Now back to the IT companies. Since the SEZ policy has been announced the IT companies are wondering if they can use it to extend their tax holidays.

Infosys, Wipro, Satyam, TCS – the big boys of Indian IT are each setting up a Special Economic Zone. Why just them, over 100 IT SEZs are in the offing. That’s more than half the total number of SEZ applications cleared by the government. The big attraction – tax benefits! After all the industry has not yet got an extension to the tax holiday on software exports upto 2009.

Source : Moneycontrol

The SEZs provide a 15 year tax holiday to the IT companies after 2009. The details : 100% exempti0n for the first 5, 50% for the next 5, and variable for another 5 based on reinvestment in SEZs.

Why the government should withdraw or minimize tax holidays to IT companies ?

The government should seriously consider the forward and backward linkages of IT companies to the local economy before granting tax benefits.

Yes, IT companies employ a lot of people who pay taxes.  That is not a valid argument because even if the tax holiday is withdrawn the employees will still pay taxes. So, it is not a “either-or” question. Employees pay individual income tax and companies pay excise and corporate income tax. If this is to be used as an argument in favor of the tax holiday – then you have to establish that imposing taxes reduces employment opportunites and retards growth.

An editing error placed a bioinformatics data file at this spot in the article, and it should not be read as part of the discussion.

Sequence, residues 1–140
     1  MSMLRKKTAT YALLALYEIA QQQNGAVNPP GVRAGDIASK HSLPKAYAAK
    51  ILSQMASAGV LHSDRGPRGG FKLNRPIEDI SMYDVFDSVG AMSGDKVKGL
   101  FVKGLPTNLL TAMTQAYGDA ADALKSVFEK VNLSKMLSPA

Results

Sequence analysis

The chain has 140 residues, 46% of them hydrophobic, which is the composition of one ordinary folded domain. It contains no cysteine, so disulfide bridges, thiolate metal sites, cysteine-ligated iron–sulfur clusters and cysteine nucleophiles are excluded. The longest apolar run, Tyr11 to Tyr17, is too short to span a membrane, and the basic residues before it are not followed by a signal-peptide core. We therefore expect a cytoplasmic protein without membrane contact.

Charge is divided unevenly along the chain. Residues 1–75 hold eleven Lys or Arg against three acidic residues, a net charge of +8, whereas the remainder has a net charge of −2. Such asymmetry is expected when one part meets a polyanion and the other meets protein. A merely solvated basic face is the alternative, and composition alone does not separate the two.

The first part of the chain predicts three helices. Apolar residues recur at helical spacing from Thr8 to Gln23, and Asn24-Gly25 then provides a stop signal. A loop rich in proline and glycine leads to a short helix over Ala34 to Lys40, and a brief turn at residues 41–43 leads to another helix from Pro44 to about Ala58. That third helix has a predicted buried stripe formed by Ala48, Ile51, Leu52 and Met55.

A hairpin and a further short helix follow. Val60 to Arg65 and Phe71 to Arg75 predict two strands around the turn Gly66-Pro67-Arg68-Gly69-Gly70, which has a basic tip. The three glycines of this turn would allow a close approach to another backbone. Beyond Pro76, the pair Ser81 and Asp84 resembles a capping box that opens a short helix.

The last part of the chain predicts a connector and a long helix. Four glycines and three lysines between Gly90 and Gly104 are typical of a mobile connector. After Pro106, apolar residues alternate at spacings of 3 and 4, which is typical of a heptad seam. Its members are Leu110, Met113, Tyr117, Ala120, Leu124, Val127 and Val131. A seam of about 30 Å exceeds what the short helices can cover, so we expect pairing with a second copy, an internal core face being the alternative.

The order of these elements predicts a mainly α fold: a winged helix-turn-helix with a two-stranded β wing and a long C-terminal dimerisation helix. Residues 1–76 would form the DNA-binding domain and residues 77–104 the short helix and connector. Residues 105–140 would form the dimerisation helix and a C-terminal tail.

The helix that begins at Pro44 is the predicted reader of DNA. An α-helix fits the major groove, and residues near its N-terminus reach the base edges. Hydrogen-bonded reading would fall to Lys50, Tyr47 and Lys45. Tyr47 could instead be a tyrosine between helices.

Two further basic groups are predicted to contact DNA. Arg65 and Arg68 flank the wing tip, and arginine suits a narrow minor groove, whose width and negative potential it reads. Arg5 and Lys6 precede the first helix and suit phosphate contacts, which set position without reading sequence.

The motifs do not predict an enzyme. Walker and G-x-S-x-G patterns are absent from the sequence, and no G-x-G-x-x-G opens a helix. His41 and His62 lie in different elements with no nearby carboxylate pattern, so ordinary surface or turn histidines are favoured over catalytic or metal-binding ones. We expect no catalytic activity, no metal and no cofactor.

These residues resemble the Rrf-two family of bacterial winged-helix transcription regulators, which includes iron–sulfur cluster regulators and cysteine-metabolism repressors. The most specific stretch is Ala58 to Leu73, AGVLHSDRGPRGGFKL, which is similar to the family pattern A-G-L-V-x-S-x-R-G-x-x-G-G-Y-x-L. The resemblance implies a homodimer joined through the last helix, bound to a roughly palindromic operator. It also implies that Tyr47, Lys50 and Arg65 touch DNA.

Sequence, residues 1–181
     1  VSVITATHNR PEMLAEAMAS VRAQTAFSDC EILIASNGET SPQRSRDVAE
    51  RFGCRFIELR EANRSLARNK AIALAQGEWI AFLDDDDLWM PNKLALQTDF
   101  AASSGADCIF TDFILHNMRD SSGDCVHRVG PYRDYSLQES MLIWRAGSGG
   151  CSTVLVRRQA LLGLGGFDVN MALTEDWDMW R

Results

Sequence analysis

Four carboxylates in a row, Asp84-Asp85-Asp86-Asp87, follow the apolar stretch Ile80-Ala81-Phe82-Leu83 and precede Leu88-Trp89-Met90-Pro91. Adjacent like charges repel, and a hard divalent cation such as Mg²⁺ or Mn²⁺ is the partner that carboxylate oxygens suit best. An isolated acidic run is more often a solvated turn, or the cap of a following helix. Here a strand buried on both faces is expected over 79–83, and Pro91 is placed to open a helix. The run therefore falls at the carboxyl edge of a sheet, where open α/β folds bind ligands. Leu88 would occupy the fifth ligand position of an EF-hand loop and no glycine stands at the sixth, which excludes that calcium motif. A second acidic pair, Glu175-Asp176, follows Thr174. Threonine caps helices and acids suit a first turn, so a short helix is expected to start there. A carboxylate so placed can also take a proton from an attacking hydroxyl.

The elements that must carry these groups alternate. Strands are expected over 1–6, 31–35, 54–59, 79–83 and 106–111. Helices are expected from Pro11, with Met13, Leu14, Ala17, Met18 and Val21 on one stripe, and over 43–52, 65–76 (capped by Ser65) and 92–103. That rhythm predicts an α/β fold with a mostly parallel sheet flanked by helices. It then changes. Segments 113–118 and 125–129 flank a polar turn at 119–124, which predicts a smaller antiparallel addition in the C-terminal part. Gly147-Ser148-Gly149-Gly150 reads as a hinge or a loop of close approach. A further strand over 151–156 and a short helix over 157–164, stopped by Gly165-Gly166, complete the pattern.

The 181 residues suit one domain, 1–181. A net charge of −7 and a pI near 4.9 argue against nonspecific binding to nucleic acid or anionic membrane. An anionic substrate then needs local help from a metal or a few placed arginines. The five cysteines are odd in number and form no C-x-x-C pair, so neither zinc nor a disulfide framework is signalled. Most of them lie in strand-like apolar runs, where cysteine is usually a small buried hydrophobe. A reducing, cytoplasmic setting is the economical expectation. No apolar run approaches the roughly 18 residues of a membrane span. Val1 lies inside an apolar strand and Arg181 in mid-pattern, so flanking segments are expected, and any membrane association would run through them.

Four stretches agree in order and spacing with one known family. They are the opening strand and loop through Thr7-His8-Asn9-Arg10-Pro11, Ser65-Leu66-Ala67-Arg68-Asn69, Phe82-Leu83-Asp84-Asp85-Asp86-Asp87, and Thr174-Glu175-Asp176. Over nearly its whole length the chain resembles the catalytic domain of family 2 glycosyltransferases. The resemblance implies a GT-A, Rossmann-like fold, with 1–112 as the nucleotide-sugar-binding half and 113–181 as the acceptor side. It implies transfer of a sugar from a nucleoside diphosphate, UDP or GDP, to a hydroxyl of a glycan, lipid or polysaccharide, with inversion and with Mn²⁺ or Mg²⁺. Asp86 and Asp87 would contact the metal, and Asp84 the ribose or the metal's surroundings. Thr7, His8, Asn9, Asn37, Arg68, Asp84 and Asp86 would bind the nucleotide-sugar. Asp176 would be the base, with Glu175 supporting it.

The tax holiday is a precious tool. If used right, it will help such as the case with the STPI. If abused, it will spoil the already powerful corporates and will stifle new competition.

Tax holidays for strategic companies such as Nokia, BMW are worthwhile – they bring technology into Indian soil that does not exist.  We must consider tax holidays to LCD panel manufacturers, semi conductor fabs, memory makers, and contract manufacturers for electronic and white goods. We dont have the capabilities in these areas yet.

Tax holidays for software product companies are needed. The services and products companies are totally different. While there is some overlap in terms of engineers, the processes and business models, and the technical depth required are different. This industry is still in its infancy, and needs to be encouraged. Tax incentives provided to these units will be reinvested by them in research and development activities.